Blog | Interfaith Church of Australia

Assessment is no fun

April 17th, 2012

Having just completed an assessment item for my current university course, I am reminded of the joys of assessment from the other side of the fence.
Assessment as a student isn’t a lot of fun.

I find I get distracted and wander off after some new piece of information which while important and interesting, is often irrelevant to the assessment. Stopping right in the middle of a well thought out train of thought to participate in the mundane (preparing or eating food, answering the door or the phone) can set me back an hour or three. I often feel I learn a lot, but I seem to miss so much because I am trying to stay on the assessment task instead of expanding my knowledge.

As a student, the real killer for me is the deadline. I feel it impedes my learning experience by restricting what I have time for. I love learning but learning to a deadline is no fun for me, and I often go back an continue my research long after the assessment is handed in.


Assessment as an educator is no fun either.

For starters, you need to have an assessment which is worded in such a way as there is no confusion as to the requirements of the assessment. This, I think, is where many educators fall down. They use double negatives, complex words and are often overly verbose when writing an assessment item, all of which can detract from the students understanding of the task. The Keep It Simple Stupid (KISS) philosophy is often ignored to the detriment of all concerned. High levels of literacy are not usually part of the assessment, however due to the often advanced literary skills of the person writing the assessment an unfair level of literacy can be needed just to understand what is required.

Giving the assessment (for in person assessment) is an opportunity to correct the errors made above. If the examiner and the assessment author are different people, this opportunity is lost. Not only does this make it hard for the student, it leaves the assessor in a case where reasonable adjustment must occur simply because they failed to get their point across to the student. To me, this is a failure of the assessor to recognise that the student (any student) may have a lesser vocabulary and grasp of the language than the assessor themselves.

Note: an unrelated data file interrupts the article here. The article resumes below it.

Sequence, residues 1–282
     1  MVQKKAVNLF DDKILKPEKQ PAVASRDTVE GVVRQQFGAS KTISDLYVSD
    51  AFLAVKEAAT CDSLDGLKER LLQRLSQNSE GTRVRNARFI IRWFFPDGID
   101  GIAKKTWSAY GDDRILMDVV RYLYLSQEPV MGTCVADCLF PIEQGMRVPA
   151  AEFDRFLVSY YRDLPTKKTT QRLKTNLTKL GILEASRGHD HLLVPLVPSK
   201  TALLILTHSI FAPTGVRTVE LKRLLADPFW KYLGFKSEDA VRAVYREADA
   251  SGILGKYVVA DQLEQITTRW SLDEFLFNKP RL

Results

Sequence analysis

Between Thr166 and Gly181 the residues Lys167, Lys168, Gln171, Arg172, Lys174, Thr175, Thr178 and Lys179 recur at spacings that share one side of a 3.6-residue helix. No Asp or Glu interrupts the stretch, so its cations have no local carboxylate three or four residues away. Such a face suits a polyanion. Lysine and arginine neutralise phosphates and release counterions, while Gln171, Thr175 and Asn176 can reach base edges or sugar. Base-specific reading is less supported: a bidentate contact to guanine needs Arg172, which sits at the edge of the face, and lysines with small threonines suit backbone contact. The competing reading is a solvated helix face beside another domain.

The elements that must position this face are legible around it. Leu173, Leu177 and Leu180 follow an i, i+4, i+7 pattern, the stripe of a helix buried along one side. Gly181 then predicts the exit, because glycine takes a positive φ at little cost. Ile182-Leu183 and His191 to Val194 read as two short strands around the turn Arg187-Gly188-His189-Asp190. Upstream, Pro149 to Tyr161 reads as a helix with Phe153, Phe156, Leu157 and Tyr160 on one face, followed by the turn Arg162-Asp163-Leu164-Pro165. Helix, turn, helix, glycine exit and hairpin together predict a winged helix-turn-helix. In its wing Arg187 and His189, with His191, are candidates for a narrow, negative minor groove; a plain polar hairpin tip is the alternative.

Marking is the hardest part of assessment. It is the time when the assessor should be taking into account that the student may have misunderstood the requirements of the task they have been given. Sometimes this is a failing of the student and should be taken into account and thereby marked down, other times it is a failing of the assessment item and the student should not be penalised. This is a hard call for the assessor and we are prone to making mistakes given such a hard decision to make. If a good percentage of the students being assessed make the same determination, it becomes easier, however it still makes marking hard as we as assessors need to decide if the learning outcomes have been evidenced and if they haven’t how we can assist the student to provide sufficient authentic evidence to achieve a positive outcome.

Another difficulty is providing feedback within a reasonable time frame. For a student to be able to continue their learning, and for it to fully sink in, they need to know where they went right and obtain good feedback for these areas. They also need to know where they went off track, or failed to achieve, so that they can make up the shortfall prior to grading or to a second attempt at the assessment or course of study. Six weeks later, much of the assessment has been pushed from the front of the mind. The pertinent information has been stored in memory, whether it is correct or not, and may remain there. Feedback within the shortest possible time can delay this process and ensure the correct information is stored in long term memory. It is part of the assessors role to ensure this happens and delays in feedback can be neglectful of the student.
Regardless of if you are a student or an educator, assessment is no fun, however it is a requirement of the final outcome that the student should provide evidence of the learning process and retention of knowledge. Many forget or disregard the full responsibilities of the assessor in the learning process.

These are things the assessor should take responsibility for, and that the student should demand, for the learning process to work.

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